- Actors: Jung-Woo Ha, Doona Bae, Oh Dal-Su
- Director: Kim Seong-Hun
- Disc Format: Color, Dolby, NTSC, THX, Widescreen
- Language: Korean (Dolby Digital 5.1)
- Subtitles: English
- Dubbed: English
- Region: Region 1
- Aspect Ratio: 1.85:1
- Rated: Not Rated
- Studio: Well Go USA
- DVD Release Date: May 2, 2017
- Run Time: 127 minutes
Disaster films are a difficult sub-genre, relying on the effectiveness of filmmaking to build suspense even when the narrative itself rarely offers many surprises. If it is a disaster film about tornados, the audience is anticipating the specific destruction they will bring. Tunnel has an even harder task, limiting the cast and the number of things that can happen in a confined space after a tunnel collapses as our protagonist is driving through it. In fact, only the first portion of the film actually feels like a disaster movie, with much of the run-time being more of a confined survival narrative.
As family man Jung-soo (Jung-woo Ha) is on his way home from a business trip, he travels through a newly built tunnel when it inexplicably collapses on him. Immobilized within the rubble, Jung-soo has only his cell phone and car radio to connect him to the outside world. Getting help to come after being trapped is not difficult, but the task of getting to him amidst the debris is far more complicated. First is the difficult task of finding him, followed by the delicate process of getting to Jung-soo without causing the tunnel to collapse even further. All of these factors promise a lengthy rescue, while Jung-soo has limited resources in his car to help him survive.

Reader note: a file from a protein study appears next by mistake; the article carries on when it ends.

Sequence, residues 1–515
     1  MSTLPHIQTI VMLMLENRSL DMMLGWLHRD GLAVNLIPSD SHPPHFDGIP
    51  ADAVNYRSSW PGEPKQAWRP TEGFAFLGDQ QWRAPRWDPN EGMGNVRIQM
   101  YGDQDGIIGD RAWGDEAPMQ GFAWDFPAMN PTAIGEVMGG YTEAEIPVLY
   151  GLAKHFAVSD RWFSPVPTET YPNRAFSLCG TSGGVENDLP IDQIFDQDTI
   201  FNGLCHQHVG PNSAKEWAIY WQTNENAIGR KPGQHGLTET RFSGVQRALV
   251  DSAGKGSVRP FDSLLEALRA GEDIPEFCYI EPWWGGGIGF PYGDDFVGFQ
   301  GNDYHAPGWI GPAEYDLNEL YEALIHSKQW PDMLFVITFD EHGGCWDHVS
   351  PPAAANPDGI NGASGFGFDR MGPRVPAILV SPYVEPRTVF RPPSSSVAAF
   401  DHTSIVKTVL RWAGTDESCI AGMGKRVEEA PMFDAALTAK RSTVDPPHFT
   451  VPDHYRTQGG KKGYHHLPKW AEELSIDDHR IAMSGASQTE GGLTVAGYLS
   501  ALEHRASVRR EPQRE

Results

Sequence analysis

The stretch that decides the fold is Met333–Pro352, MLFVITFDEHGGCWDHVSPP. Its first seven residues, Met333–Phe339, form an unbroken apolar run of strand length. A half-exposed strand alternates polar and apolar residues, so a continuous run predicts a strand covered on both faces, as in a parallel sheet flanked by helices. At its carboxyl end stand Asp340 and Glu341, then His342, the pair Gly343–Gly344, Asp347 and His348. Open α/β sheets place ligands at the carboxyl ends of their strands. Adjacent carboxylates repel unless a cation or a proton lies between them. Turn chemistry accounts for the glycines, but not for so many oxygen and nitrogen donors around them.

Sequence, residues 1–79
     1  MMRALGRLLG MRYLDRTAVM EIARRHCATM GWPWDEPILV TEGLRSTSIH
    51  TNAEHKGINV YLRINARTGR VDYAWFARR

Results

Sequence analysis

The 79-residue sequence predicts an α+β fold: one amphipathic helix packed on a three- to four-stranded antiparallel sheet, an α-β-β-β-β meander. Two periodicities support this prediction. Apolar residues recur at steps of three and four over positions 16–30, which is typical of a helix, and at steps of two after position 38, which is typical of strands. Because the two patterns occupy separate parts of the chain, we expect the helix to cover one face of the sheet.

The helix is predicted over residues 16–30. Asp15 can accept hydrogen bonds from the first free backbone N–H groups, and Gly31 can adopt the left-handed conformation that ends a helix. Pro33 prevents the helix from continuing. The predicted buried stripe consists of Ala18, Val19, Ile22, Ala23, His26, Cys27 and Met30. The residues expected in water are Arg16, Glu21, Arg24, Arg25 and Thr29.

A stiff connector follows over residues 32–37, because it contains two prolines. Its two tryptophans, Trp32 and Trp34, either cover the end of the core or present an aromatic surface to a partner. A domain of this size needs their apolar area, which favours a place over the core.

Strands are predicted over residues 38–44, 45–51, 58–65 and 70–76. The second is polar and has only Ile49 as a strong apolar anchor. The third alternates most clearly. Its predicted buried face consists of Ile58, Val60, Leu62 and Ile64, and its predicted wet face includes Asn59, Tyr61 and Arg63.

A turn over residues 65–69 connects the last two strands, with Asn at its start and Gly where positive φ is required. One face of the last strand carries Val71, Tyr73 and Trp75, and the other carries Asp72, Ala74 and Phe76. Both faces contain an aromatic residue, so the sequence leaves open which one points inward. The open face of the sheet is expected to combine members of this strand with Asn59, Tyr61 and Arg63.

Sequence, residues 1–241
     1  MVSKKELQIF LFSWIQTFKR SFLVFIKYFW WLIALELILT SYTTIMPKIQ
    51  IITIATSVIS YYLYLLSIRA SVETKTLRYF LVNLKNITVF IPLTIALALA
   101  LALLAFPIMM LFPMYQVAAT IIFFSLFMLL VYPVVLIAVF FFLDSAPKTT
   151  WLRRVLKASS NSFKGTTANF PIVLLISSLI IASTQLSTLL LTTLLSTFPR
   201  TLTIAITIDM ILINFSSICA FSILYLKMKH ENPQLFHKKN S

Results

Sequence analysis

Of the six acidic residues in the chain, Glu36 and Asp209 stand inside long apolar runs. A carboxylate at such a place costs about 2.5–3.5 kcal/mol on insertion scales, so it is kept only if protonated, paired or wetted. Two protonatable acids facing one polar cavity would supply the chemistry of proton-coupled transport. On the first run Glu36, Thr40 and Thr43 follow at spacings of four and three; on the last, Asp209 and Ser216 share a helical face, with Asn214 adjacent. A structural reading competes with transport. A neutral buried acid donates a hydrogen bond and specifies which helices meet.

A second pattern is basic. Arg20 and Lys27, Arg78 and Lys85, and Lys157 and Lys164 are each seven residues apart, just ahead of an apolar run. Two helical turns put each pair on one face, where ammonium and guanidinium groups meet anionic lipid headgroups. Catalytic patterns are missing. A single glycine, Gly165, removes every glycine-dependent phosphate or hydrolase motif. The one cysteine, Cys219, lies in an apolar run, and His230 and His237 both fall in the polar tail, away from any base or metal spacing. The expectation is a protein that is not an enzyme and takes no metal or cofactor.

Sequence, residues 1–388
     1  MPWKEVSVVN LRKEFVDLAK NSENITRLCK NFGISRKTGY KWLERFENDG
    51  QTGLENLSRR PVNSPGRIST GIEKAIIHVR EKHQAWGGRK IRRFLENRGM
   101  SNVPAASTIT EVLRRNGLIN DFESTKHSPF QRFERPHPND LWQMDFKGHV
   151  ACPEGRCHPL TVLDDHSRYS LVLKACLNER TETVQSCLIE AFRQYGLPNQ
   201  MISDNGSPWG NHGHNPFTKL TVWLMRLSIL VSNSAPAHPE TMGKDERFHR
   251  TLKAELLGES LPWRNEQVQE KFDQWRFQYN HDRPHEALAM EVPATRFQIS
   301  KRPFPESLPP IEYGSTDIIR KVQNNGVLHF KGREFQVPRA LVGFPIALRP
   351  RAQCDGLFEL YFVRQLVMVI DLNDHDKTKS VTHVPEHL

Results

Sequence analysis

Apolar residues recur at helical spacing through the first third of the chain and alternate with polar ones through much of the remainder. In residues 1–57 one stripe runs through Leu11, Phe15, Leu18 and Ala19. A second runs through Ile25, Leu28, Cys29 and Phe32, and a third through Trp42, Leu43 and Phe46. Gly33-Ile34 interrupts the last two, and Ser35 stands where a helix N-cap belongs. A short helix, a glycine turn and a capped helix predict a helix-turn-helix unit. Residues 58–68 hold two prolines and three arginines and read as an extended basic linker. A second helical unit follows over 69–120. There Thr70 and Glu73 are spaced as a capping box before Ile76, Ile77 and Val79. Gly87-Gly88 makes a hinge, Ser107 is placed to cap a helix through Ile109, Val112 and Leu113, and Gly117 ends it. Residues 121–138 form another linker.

As inventive as the film is in giving our surviving protagonist things to do within the confinement of the tunnel, the 127-minute run-time is only possible by spending as much time with the members of the rescue operation and commentating on the outside world’s reaction to the disaster. Heading up the rescue is an empathetic man named Dae-kyoung (Dal-su Oh), though he is forced to battle against outside forces in order to accomplish the task. Making the job even more urgent, Jung-soo’s wife (Doona Bae) remains at the rescue site, cooking food for the workers as the only way to show appreciation for their efforts.
As much as this is a survival tale, it is also a commentary on the culture surrounding such events. The media cares less about the life of the man than the perception of events. The media and government officials repeatedly get in the way of the operation, trying to gain publicity or a good story from the tragic accident. On top of that, construction of another tunnel in the area is forced to halt during the rescue, costing so much money that some begin to question the worth of a single human life. Although the satirical elements of the film are often frustrating, the humor is also a welcome break from some of the bleaker aspects of the narrative.
Some critics have complained about the unnecessary length of Tunnel’s run-time, but I actually disagree. There are moments that it begins to feel redundant, or as though the disaster may never end, but I think that is the point. We are meant to be emotionally exhausted by the end, and we slowly grow to truly care for the character because of the amount of time we have spent in his company. A shorter film may have made the survival suspense seem more intense, but it also would have lessened the emotional impact. Tunnel is proof that a film can have both character development and the spectacle from the disaster, something that Hollywood blockbusters in this sub-genre could learn to do better.
The DVD contains no special features.
Entertainment Value: 7.5/10
Quality of Filmmaking: 7.5/10
Historical Significance: 5/10
Special Features: 0/10
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